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Links for February 23rd through February 24th

No water in the pool

A little something extra…

I reviewed a nice looking manuscript for Israel Gat a few weeks ago, a short guide for executives looking to apply Agile in their organization. In the review notes, I hit up a theme I like to bring up frequently about Agile development:

Agile process is, actually, a highly disciplined governance process. Things like Scrum and even XP are highly regimented processes and even in half-ass implementations are actually much more effective processes than other software governance models. Agile realizes (whether knowing it or not) that programmers will always try to hack and work around The System and so it lets coders do their daily work however they want.

Instead, Agile focuses on results which enforce making sure the coders actually do something and learn how to make promises they can keep. This contrasts with more traditional software development processes that are more focused on enforcing a process with the belief that following the process will result in shippable code.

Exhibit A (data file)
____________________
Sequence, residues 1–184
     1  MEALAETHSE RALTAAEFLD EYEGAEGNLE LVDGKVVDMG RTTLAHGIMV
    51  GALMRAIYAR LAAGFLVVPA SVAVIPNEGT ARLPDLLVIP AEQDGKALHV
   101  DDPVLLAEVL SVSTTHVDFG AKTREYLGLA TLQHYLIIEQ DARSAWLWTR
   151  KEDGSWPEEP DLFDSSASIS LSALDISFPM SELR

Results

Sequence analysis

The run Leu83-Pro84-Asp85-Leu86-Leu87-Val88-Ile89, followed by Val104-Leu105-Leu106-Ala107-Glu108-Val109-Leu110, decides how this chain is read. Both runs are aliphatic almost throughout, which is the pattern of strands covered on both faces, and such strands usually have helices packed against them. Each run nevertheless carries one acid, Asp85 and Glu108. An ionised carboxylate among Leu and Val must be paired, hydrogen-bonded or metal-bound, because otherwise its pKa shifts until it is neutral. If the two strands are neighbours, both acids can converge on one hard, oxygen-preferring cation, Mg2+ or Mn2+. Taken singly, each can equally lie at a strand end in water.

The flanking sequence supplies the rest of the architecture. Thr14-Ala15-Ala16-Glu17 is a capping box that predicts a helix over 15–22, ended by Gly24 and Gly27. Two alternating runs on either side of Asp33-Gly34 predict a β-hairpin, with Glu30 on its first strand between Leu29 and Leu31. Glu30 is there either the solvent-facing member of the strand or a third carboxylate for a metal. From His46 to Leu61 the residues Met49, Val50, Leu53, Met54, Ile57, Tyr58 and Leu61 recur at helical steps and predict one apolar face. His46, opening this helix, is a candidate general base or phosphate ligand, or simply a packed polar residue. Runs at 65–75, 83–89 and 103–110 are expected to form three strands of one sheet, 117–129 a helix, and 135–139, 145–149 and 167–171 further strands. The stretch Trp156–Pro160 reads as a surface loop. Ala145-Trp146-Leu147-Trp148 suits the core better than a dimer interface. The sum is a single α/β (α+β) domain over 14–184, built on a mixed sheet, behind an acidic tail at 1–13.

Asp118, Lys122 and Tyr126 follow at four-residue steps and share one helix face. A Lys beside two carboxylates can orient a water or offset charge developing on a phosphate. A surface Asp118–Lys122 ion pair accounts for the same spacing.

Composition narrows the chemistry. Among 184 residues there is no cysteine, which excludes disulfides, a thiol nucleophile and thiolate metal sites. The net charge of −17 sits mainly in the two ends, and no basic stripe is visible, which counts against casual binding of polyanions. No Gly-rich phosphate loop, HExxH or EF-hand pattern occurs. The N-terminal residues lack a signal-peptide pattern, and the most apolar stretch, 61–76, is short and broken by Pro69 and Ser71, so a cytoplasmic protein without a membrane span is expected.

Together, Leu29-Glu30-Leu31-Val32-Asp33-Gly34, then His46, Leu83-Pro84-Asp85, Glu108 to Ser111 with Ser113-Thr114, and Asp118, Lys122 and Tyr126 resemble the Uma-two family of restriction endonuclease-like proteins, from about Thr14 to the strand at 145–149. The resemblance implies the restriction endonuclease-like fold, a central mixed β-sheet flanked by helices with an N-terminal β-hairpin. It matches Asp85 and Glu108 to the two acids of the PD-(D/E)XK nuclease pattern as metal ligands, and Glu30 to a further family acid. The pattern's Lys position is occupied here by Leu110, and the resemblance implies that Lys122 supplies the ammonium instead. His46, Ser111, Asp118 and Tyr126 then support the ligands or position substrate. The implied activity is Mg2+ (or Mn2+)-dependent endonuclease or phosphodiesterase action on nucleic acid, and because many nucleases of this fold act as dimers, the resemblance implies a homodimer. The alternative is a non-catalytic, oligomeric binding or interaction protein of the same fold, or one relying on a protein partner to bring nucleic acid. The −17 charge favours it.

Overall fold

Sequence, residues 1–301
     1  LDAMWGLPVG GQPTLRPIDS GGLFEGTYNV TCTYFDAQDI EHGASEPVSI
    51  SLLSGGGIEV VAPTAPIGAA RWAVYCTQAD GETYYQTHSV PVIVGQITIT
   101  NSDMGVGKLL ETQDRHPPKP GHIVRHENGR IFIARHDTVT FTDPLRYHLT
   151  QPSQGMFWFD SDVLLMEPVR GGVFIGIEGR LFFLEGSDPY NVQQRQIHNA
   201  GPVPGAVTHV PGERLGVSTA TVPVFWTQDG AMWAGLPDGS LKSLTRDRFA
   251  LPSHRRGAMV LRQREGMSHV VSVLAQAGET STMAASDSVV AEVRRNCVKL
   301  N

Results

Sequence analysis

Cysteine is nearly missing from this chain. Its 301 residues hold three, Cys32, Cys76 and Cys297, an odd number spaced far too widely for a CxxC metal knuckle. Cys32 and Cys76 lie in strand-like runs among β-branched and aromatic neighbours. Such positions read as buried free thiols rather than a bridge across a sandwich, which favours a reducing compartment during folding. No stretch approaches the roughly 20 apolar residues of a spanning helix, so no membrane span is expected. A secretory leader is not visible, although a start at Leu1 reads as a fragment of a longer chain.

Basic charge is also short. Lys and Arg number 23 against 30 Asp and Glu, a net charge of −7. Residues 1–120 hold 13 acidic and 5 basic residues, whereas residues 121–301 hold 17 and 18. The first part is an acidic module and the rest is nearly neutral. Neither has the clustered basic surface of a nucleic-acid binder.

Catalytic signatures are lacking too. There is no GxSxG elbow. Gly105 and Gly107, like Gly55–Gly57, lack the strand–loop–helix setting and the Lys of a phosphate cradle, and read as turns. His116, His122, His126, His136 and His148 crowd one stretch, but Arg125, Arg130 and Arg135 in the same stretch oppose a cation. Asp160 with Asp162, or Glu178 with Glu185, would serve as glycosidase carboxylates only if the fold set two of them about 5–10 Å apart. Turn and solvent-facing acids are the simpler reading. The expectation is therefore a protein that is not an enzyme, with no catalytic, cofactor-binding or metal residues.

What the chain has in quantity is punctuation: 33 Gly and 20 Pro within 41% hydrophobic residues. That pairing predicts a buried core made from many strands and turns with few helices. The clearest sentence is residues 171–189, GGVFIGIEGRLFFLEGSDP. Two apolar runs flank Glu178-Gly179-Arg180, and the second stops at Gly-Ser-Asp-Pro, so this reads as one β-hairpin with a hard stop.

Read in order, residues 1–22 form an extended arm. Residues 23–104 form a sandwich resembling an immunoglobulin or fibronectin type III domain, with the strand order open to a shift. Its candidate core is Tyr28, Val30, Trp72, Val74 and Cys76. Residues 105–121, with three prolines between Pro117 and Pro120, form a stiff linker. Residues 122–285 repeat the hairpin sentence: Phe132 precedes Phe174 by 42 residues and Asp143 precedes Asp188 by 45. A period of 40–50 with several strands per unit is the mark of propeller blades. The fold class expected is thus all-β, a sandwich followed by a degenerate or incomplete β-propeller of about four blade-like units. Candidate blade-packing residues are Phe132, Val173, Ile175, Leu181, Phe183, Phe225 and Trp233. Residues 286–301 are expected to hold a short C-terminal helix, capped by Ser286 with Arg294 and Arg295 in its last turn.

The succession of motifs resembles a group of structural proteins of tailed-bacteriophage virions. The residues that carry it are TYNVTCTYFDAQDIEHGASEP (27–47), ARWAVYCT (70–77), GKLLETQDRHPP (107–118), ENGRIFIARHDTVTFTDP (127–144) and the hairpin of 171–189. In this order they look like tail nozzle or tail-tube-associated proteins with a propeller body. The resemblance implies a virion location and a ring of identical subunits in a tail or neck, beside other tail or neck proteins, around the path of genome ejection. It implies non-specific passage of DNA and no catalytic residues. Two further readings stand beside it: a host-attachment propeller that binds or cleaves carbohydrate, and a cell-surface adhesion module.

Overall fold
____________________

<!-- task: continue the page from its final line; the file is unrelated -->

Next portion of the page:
Agile care about process, but it cares more about continuously tuning process to, ongoing, work best for the team. To Agile, “process” is a tool. In some respect, the traditional idea of “governance” (enforcing process, code, methods, etc.) is anti-Agile, but the better idea of “governance” (making sure your workers are benefiting the company) is purely Agile.

…Agile talk is coming up a lot for me recently. I think it’s primarily driven by developers trying to connect their process to cloud-driven/inspired methodologies. Once operations stops being a bottle-neck (deployment, mostly, and “change management”), Agile developers have to figure out what they’d do if they actually released each iteration to customers. Fun times!

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